However, there are also inherent CHALLENGES associated with petroleum and its related activities such as during its EXPLORATION, EXPLOITATION, TRANSMISSION and UTILISATION, and in Nigeria these arise mainly from the NEGATIVE CONSEQUENCES OF ENVIRONMENTAL DEGRADATION AND HOST COMMUNITY HOSTILITIES. But more importantly, for the teeming populations of the citizenry, there are concerns associated with the inexplicable LEVEL OF POVERTY prevalent in a nation endowed with vast natural resources.
This is the other side of the coin! Why is there this PARADOX OF BLESSINGS AND CURSES associated with petroleum occurrence in Nigeria? First and Foremost in the face and advent of petroleum, Nigeria abandoned its “TRADITIONAL” natural resource base: AGRICULTURE and SOLID MINERALS, and embraced Petroleum which not only is a wasting asset but also a very volatile commodity. No nation ever makes much progress in economic growth and national development by depending on a MONO-ECONOMY. In this context this ABANDONMENT OF AGRICULTURE AND THE SOLID MINERALS SECTOR is nothing short of a CURSE IN DISGUISE.
Again another worrisome angle is the NEGATIVE IMPACT OF PETROLEUM ON OUR FINITE ENVIRONMENT. Our environment which is comprised of all the LAND/ROCK MASSES, AIR/ATMOSPHERE, WATER BODIES, PLANT KINGDOM, ANIMAL KINGDOM constitute the totality of mother-nature. They are so inter-linked that degradation of one equally affects the other and that is why the environmental impact of petroleum activities has become a global concern. The most dreaded impact on our delicate and finite environment is that caused by OIL SPILLAGE. The key factors responsible for this include:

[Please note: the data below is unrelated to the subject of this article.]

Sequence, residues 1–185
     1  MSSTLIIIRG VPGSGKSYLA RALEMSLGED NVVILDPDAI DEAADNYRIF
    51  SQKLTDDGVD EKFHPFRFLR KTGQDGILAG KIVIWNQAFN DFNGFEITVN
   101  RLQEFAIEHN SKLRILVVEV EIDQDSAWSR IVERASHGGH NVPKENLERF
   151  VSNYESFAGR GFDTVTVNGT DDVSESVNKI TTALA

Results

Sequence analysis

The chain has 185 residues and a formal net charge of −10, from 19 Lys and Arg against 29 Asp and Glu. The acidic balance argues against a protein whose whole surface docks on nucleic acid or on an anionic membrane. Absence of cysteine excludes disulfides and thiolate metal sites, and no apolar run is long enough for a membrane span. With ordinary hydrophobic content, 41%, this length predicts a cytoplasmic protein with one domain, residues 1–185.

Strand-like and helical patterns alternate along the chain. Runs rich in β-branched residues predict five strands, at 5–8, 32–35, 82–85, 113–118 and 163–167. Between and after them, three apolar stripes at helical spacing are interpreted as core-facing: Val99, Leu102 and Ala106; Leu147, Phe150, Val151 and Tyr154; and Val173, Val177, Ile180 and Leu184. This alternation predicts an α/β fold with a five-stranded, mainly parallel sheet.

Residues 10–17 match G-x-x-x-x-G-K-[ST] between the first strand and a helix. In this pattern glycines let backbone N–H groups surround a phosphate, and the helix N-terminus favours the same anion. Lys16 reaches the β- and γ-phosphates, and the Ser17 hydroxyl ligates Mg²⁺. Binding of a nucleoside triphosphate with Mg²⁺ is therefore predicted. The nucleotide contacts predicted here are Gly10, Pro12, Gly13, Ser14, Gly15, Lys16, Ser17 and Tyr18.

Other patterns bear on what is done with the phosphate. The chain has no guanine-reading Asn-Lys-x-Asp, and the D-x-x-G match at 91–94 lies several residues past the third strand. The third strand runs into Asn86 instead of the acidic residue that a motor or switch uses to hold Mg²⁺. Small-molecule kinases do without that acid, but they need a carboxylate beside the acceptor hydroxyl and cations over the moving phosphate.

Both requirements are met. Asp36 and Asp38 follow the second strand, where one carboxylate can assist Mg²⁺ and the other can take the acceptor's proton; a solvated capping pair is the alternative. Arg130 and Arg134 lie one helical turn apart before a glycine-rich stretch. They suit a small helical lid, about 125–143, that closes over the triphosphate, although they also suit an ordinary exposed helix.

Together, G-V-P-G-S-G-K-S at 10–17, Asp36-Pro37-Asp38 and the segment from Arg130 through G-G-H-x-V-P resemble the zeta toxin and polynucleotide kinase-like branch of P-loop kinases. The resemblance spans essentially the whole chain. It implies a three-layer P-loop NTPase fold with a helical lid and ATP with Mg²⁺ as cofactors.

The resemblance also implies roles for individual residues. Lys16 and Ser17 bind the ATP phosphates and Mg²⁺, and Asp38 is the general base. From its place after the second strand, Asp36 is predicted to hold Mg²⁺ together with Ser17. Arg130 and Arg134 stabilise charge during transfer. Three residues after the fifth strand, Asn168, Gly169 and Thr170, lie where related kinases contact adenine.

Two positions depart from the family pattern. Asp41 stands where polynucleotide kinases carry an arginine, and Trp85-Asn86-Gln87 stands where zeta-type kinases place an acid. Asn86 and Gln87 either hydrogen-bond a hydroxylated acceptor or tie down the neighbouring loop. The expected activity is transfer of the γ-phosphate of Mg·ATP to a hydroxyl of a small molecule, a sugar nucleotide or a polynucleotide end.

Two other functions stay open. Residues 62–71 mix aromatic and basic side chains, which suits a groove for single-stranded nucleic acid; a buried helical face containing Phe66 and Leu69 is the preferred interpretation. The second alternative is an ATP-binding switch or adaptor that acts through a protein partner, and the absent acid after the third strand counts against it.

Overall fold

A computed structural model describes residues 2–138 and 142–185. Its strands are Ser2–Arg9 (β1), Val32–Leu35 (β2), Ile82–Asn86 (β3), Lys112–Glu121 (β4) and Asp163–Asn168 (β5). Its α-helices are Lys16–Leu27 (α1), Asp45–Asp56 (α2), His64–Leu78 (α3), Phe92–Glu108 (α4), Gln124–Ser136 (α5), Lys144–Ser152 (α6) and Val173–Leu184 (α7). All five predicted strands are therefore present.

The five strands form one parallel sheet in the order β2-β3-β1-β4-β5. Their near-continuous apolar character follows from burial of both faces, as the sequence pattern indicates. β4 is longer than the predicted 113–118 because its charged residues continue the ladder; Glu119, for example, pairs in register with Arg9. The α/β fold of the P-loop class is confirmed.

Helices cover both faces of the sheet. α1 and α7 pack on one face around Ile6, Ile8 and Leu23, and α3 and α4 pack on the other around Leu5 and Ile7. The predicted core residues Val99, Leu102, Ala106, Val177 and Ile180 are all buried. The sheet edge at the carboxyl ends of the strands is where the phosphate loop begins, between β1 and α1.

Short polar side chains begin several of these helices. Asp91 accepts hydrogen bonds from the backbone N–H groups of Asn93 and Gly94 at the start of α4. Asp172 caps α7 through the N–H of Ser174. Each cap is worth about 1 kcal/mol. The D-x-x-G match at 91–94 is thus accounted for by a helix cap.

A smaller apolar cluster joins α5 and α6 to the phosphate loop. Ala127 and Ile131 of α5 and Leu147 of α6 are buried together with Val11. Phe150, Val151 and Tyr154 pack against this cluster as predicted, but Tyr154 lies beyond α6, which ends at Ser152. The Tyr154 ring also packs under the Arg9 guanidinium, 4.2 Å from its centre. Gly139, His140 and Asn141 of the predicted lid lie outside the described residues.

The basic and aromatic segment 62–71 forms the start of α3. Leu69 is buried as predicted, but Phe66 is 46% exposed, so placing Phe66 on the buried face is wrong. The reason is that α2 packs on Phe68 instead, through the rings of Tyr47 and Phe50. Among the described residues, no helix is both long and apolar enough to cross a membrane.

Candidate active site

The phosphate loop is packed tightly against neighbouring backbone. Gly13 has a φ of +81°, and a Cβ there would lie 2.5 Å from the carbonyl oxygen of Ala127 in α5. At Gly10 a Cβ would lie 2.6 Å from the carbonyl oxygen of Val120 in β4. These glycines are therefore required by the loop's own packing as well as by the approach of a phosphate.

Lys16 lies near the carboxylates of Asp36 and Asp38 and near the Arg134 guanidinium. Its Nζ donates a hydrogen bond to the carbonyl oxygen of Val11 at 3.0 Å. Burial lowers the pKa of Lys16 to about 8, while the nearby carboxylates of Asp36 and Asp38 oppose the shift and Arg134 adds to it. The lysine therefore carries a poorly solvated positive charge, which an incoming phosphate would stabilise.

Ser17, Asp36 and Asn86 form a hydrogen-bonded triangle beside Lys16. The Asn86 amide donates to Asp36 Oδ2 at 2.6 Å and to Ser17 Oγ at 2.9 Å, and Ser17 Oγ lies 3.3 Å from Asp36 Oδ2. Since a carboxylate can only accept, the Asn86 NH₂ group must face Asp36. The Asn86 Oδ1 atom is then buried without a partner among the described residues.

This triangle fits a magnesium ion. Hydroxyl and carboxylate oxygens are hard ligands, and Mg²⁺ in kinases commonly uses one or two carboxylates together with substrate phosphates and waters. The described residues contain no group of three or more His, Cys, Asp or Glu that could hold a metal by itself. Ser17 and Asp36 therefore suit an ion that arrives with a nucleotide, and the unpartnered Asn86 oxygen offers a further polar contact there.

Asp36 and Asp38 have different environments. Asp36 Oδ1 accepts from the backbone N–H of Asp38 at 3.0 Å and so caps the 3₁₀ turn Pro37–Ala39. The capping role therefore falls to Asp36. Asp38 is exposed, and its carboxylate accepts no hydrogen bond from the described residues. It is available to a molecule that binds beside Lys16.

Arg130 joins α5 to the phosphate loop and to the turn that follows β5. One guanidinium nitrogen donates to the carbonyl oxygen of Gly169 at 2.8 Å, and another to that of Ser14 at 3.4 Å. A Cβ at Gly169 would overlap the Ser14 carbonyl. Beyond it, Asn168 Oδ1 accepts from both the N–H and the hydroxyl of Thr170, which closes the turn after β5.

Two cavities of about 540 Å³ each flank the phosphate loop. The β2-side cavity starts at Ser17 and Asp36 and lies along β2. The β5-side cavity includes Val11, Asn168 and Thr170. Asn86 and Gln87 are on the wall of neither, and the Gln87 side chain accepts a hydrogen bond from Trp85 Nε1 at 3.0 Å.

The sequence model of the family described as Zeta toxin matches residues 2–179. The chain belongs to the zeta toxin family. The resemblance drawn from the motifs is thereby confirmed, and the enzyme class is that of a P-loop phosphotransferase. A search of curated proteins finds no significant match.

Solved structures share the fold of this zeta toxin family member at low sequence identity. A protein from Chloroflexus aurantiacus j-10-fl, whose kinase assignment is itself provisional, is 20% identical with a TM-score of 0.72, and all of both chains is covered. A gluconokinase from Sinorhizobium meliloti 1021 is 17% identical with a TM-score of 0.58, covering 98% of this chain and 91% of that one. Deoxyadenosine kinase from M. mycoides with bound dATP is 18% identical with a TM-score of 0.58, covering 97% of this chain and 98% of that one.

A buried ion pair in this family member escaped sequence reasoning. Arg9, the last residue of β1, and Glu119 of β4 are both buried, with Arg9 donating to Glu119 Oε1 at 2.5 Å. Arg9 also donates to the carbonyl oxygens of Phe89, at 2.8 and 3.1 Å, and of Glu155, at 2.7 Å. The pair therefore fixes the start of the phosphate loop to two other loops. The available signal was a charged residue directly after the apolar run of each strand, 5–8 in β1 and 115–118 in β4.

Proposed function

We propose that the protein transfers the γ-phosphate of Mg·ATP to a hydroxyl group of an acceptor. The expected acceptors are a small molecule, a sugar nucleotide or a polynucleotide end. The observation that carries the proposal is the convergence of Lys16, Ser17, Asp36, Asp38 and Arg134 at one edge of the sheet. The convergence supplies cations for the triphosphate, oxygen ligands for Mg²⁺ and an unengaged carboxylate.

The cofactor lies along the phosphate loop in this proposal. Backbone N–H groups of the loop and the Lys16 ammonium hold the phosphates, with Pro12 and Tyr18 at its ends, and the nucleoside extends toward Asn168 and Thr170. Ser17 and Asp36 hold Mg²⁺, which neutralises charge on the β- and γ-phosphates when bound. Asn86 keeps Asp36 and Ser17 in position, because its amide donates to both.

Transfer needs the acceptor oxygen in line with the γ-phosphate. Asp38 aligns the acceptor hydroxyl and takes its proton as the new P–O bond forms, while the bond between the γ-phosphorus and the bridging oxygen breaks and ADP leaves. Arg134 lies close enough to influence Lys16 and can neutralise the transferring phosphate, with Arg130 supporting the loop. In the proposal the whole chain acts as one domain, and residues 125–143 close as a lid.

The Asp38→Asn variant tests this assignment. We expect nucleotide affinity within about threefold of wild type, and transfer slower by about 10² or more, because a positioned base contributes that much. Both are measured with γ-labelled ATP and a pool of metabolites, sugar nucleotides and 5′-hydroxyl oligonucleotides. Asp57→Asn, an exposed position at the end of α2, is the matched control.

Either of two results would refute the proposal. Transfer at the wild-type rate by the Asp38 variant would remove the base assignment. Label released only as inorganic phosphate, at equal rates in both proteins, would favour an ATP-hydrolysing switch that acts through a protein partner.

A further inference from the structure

EQUIPMENT FAILURE, HUMAN ERROR, SABOTAGE, THEFT.
Oil spills on land lead to degradation of farmlands and destruction of crops and agricultural produce. When it impacts on water bodies it affects aquatic life and reduces aquatic yield but more importantly reduces the availability of potable water.
The release of gaseous emissions into the atmosphere affects human health as inhalation of poisonous gases may lead to asphyxiation and death. Also when gases are flared the associated thermal pollution impacts on animal life and plant life which may eventually degenerate to FOOD INSECURITY.
Little wonder that most communities in the petroleum-rich Niger Delta Region have been deprived of their traditional sources of livelihood and income. The crisis in the region linked to youth restiveness and militancy is as a consequence of this environmental degradation and government neglect. THANKS TO THE NIGER DELTA AMNESTY DEAL OF GOVERNMENT!
There are curses and potential curses that can be reduced to the BAREST MINIMUM through appropriate legislation and monitoring of ADHERENCE TO REGULATIONS and GUIDELINES of PETROLEUM INDUSTRY OPERATIONS. Petroleum as a resource should be a blessing and not a curse.